The producers of The Silent Twins, a Cannes Un Certain Regard film, were on hand this weekend at the festival to discuss the advantages of shooting the film in Poland. Producers Klaudia Smieja-Rostworowskaw, Ewa Puszczynska, and Anita Gou discussed the country’s accomplished below-the-line sector and diverse settings at a panel presented by the Polish Film Institute and Deadline at the American Pavillion at Cannes.
The film is a Polish-UK-US co-production and marks L.A.-based Gou’s first trip to Poland. It is Agnieszka Smoczynska’s English-language debut and stars Letitia Wright.
“It was so anchored in Agnieszka having such a wonderful crew basis,” Gou explained. “We tried creating the picture through the studio structure at first, but they weren’t giving us what we wanted or what we thought would be enough backing to make it the way we wanted.” Poland soon emerged as the best option because, first, it doubled as a great location for Wales at the time, and second, the government incentives were going to get us a long way.”
Although the film is set in the United Kingdom and is based on the true story of identical twins June and Jennifer Gibbons who refused to interact with anybody but one another, Gou believes that if they had shot entirely in the UK, they would have faced financial constraints.
“The country’s domestic sector is so strong,” Gou said, adding that “there’s enough volume to support a large labor base and fantastic facilities…
It provided what we needed at a fraction of the cost.”
“In Poland, we have fantastic sites,” Puszczynska stated. “We have amazing site scouts and location managers that are extremely dedicated to their jobs and ensure that we can acquire exactly what we want at reasonable pricing.”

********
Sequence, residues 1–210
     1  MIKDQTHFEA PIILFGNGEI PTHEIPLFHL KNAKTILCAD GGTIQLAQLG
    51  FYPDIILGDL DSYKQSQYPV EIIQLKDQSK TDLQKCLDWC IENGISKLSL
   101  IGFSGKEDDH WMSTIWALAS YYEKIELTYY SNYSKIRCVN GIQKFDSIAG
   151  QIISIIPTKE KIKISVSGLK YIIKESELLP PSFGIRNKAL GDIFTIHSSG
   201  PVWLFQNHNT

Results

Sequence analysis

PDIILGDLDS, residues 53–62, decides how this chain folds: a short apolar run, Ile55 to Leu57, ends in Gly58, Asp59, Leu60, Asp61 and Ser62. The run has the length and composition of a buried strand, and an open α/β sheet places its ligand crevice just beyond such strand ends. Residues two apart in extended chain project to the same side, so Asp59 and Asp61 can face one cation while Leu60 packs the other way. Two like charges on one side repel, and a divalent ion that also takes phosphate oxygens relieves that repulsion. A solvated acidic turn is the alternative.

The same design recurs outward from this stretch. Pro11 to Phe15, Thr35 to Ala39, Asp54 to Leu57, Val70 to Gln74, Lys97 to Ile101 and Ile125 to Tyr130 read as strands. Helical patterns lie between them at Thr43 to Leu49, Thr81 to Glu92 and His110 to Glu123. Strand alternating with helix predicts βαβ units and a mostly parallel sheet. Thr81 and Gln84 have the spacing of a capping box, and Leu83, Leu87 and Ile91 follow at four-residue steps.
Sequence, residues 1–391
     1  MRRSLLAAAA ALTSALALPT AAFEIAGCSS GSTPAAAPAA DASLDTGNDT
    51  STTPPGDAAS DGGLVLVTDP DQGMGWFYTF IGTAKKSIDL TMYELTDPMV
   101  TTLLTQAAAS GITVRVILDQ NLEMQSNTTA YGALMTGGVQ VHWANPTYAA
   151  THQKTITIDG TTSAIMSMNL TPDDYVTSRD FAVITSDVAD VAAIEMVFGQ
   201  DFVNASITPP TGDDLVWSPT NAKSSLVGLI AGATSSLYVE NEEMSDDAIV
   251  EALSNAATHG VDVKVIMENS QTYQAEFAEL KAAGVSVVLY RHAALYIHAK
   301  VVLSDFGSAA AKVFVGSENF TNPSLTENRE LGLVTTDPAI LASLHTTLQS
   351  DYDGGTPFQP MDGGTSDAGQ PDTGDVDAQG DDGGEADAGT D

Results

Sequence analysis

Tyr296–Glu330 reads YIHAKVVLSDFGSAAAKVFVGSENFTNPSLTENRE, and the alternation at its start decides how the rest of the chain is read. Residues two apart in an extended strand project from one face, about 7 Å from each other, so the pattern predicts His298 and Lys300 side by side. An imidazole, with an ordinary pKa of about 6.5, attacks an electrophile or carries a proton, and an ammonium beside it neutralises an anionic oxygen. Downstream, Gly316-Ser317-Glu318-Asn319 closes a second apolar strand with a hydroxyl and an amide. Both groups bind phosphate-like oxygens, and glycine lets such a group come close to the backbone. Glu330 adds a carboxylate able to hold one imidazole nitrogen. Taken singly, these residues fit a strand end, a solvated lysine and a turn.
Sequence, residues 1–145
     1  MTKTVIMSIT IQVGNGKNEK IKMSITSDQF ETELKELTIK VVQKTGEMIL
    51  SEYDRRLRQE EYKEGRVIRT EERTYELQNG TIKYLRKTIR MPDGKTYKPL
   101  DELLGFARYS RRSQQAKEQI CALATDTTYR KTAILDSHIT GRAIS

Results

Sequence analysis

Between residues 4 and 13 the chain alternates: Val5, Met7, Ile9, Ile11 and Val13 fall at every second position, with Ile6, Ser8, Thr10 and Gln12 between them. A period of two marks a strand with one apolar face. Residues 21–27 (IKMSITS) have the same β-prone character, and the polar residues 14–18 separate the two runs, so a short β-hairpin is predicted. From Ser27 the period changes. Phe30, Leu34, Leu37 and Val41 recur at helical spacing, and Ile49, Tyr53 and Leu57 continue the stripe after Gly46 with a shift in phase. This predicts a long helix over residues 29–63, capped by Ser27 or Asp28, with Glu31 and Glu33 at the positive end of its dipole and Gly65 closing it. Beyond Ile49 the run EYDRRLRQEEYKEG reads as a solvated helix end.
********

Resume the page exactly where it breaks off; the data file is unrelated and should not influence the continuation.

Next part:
The producer went on to say that productions can use skilled Polish workers not only in Poland but also in other nations. “Our production designers, costume designers, makeup artists, and department heads are all outstanding.” Because everyone speaks English, you may use and transport them wherever you need to shoot your movie. Even Polish films require shooting outside on occasion, and we wish to send our staff there.”
Producers interested in entering the Polish market should prepare ahead by up to six months and understand their project’s financial structure, according to Smieja-Rostworowskaw.
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“You have to know your financial structure and why you want to shoot in Poland,” she explains. “After that, you go to the [Polish Film] Institute and wait for the findings.”
She went on to say that it’s a “permitting procedure,” and that waiting for clearance can be difficult for American films.
“We are getting more and more financial assistance in this country, and it is real support,” she says. “Once you make the decision, this money will flow to your project.” “All you have to do now is wait.”